Contracting the West Nile virus is too damn hard. You have to go somewhere hot like Texas and practically BEG an infected mosquito to suck on you. Save your airline miles, friends, because climate change will raise temperatures so residents of California and even southern Canada will have a better shot at the virus.
Time reports that a warming world will see higher rates of West Nile, because the virus is tied to higher temperatures and lower precipitation. A new study in Global Change Biology projects just where the virus will spread:
The UCLA model indicates that higher temperatures and lower precipitation will generally lead to more cases of West Nile, as well as the spread of the virus to northern territories that haven’t yet been affected by it. In California alone, for example, more than half of the state will see an increased probability of West Nile in the decades to come, and by 2080 the virus may well be prevalent in parts of southern Canada, and as far north as northern British Columbia.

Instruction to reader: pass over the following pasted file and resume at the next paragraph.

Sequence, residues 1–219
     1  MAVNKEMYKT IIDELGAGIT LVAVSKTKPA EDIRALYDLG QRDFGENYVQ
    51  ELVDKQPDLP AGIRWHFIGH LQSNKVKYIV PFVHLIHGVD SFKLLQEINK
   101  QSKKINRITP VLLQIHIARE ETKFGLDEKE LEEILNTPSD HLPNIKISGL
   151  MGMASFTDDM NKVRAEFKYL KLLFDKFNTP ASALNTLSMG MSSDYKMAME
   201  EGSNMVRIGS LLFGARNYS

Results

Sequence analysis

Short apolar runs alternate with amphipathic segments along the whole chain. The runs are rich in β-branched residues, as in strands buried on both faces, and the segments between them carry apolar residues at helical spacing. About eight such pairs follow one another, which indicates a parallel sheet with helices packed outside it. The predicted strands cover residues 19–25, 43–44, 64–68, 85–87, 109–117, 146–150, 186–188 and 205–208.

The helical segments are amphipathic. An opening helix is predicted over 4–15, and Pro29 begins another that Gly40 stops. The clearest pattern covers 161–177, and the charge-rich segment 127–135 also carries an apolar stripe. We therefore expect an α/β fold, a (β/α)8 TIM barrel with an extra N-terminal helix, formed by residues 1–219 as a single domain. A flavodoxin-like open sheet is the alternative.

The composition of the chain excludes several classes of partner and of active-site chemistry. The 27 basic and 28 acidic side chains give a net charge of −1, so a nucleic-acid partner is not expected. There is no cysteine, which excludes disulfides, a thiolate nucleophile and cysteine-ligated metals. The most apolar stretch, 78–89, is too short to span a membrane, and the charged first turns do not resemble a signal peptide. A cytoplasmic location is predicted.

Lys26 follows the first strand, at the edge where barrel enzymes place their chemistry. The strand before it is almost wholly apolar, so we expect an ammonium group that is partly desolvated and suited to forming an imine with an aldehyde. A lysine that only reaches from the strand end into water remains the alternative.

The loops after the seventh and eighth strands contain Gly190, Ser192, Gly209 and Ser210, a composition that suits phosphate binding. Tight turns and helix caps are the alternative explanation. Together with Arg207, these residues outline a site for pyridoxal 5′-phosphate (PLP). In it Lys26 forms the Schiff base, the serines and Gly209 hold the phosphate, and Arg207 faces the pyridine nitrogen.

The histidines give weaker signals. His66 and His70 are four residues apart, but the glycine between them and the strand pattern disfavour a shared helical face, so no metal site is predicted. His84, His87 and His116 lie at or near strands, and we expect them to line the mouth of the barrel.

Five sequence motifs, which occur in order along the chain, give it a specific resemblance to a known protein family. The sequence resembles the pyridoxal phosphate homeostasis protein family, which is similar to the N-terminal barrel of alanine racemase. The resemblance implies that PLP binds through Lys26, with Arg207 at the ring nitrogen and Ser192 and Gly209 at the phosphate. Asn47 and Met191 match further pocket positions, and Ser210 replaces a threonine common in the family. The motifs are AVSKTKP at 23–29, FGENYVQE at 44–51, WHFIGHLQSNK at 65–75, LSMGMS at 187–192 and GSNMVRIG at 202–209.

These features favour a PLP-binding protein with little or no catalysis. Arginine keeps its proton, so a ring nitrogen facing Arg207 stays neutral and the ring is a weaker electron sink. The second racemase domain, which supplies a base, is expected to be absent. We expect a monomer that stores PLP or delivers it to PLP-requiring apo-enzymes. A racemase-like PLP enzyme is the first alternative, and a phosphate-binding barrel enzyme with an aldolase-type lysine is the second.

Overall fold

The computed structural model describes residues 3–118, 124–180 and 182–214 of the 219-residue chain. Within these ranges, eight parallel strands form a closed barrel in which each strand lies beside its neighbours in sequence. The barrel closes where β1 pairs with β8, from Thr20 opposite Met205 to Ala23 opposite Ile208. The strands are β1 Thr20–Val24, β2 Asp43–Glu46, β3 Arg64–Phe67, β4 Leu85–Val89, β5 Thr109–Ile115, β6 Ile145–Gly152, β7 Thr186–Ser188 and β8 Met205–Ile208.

To prevent widespread panic, Time names a couple of preventative measures: eliminating stagnant puddles where mosquitos like to breed, and spraying pesticides. GREAT. More pesticides, just what we all needed. (In addition to West Nile, of course.) Who said you can’t always get what you want?
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